Wednesday, December 30, 2009

A Congo Update

-Found dead bat on porch. Looks gross. Is gross. Did you know that bat poop is called guano? Apparently, this is common knowledge.

-Called new internet company to inquire about changing our service. They sent 5 people over. 4 and a half of them completely useless. Around $750 to set up, $220 a month...still undecided if it's worth switching companies.

-The Congolese soldiers on the river walk have acquired a monkey. It was on a leash and tied to a tree. I really hope it's not food. Sophie and I may stage a rescue tonight.

-Word on the street is there might actually be fireworks for New Years Eve here. Not sure if explosive devices and Congo go well together. Hopefully the fireworks don't consist of the soldiers shooting their AK-47s in the air.

-This week I experienced my first foray into the Congo nightclub scene. The forecast? Slightly ordinary with a few scattered Congolese hookers. Interesting experience but will most likely not become a part of our regularly scheduled programming.

-Also, and weirdly random, it seems that Sisqo had a concert last week in the parking lot of the nearby Grand Hotel. Yes, the Thong Song has finally made it to Congo.

Saturday, December 26, 2009

A Ho-Ho-Hot Holiday

Christmas in the Congo. Not exactly white with snow. Nor a winter wonderland. Of all the holidays, this one was definitely the hardest to be away for. We really missed seeing family and doing all the traditional holiday stuff. Luckily, we have found some really good friends here and spent the day with them (and a big pot of melty fondue).

All month long has felt a little pretend. Like allegedly it's December, but I am lacking the solid evidence that it's not still August. I normally love Christmas season. But this year, try though I might, I couldn't convince myself it was actually here.

One place to buy an xmas tree here...Sold in Congo, made in China.

Our sad little gingerbread house. We tried to convince ourselves it was Christmas with this masterpiece.

Sunday, December 20, 2009

Charming Kinshasa: Part Un

The Internet
Seems to not work more than it actually works. Oh it's raining? No internet. The wind blows. No internet. It's perfectly sunny outside? No internet.

I suppose, in the grand scheme of things, my poor-to-mediocre internet connection isn't a code red situation but, nonetheless, it is frustrating at times. Then again, I guess it's hard to have high expectations when the help line goes to some dude's personal cell phone (we have interrupted him at the doctor's office, at the grocery store, and I think, once, we woke him up from a nap).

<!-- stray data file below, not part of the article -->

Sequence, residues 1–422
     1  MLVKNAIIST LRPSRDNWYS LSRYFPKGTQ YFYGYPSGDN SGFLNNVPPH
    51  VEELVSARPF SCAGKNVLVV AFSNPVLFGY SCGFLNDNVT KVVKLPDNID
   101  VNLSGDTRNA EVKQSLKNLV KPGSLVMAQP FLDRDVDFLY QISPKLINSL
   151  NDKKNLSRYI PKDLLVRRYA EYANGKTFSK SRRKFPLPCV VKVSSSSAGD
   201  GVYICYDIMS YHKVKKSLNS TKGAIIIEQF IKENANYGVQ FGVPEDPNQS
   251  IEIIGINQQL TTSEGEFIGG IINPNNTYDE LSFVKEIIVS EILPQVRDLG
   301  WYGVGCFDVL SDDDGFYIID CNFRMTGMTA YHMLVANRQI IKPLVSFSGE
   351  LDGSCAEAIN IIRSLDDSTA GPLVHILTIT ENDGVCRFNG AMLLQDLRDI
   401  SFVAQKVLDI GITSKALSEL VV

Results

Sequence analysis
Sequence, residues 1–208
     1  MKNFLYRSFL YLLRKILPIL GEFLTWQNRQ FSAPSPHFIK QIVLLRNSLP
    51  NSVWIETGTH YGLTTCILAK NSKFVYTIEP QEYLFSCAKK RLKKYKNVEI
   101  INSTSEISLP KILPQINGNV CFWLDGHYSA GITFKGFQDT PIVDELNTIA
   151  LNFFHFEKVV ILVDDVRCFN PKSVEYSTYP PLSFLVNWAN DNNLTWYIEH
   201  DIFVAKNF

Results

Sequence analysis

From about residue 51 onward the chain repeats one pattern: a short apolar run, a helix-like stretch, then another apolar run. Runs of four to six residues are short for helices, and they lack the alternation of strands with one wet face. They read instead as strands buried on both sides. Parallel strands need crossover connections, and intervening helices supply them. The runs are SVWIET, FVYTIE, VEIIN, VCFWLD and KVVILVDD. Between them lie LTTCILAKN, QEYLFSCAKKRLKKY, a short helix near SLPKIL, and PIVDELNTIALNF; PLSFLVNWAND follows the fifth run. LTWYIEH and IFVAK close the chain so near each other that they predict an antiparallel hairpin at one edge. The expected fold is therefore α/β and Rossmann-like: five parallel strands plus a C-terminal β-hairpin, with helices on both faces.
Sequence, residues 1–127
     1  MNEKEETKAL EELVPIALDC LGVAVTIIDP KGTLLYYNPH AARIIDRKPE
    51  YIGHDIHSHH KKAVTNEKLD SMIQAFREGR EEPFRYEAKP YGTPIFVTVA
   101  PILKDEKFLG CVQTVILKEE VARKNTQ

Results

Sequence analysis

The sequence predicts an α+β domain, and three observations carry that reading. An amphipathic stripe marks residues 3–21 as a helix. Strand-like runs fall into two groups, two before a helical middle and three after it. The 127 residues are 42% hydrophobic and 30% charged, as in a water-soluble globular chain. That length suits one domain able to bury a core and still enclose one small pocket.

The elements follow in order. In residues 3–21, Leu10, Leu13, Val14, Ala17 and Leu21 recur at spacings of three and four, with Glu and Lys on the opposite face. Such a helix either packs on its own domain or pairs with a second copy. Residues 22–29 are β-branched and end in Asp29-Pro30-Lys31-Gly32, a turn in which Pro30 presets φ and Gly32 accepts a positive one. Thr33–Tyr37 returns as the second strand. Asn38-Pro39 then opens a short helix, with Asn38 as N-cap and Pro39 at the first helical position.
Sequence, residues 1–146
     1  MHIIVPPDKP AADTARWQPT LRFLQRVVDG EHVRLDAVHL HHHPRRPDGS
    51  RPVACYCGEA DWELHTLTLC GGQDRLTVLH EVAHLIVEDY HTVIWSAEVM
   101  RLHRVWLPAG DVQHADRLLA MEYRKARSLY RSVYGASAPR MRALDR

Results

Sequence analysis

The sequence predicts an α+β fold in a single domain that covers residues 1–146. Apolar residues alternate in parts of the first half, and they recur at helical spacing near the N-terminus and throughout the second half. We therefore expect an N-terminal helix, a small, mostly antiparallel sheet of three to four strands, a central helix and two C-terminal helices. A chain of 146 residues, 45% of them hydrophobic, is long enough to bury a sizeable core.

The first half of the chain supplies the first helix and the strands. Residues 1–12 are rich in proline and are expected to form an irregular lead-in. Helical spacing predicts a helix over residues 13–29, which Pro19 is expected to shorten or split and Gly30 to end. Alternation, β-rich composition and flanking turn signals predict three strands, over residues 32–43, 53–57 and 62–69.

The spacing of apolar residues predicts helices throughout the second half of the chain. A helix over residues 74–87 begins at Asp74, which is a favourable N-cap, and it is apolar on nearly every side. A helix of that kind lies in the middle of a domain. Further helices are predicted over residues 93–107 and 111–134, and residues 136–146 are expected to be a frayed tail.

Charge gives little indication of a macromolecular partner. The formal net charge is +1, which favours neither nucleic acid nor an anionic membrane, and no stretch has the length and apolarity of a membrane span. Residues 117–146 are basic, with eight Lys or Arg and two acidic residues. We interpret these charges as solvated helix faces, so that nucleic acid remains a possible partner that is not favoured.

Photography can be a challenge here. Most Congolese do not like being photographed and it is actually illegal to photograph government property or officials. The good news is, since laws are somewhat optional, I take photographs anyways. Somehow I don't think any of the Congolese police are checking this blog or facebook.

I have started to paint portraits of people here and we will try to go out on the weekends to find willing subjects to photograph. Sometimes I bribe people to pose for me (usually about 1000 FC, a little over a dollar), sometimes people get mad and shake their fingers at me, and sometimes I am stealthy, sneak in like a ninja, and take the pictures before they realize it. It all depends on how spicy I feel that day.

The Streets
The roads here are in pretty deplorable shape. After being here for several months, you get to know where the really bad potholes are. As you drive along, you will constantly see cars swerve onto your side of the road. This used to cause me a little concern. Now I am unfazed.

Traffic is also horrible. The traffic jams here put the beltway to shame. It could be the lack of street lights, road lines, and nonsense like that. It could also be the police blocking the roads at various points, trying to extort money from people. Or the cars who ignore the "rules" completely and drive on the pedestrian walk areas (sidewalk is too strong a word for Kinshasa) or on the opposite side of the road. But I am just guessing.

Sunday, December 13, 2009

Come for the malaria, stay for the civil war...

Here is the local (and perhaps only) branch of the National Office of Tourism. Though the pictures probably speak for themselves, I think it's safe to say that tourism is not exactly a booming industry in Kinshasa at present time.